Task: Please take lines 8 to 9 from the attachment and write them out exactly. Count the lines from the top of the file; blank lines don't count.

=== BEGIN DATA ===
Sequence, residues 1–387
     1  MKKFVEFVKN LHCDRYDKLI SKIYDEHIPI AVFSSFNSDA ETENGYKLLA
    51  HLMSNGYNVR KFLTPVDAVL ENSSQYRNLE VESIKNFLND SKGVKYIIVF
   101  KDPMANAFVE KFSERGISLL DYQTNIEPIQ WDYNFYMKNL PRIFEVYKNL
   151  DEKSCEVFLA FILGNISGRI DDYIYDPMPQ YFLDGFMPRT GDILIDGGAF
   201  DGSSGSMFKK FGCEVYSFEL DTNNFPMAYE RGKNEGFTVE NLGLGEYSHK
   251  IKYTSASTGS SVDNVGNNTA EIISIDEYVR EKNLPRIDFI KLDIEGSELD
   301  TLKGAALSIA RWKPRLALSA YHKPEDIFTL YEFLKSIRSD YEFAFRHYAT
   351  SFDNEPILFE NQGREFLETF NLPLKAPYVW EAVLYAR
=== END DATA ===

   301  TLKGAALSIA RWKPRLALSA YHKPEDIFTL YEFLKSIRSD YEFAFRHYAT
   351  SFDNEPILFE NQGREFLETF NLPLKAPYVW EAVLYAR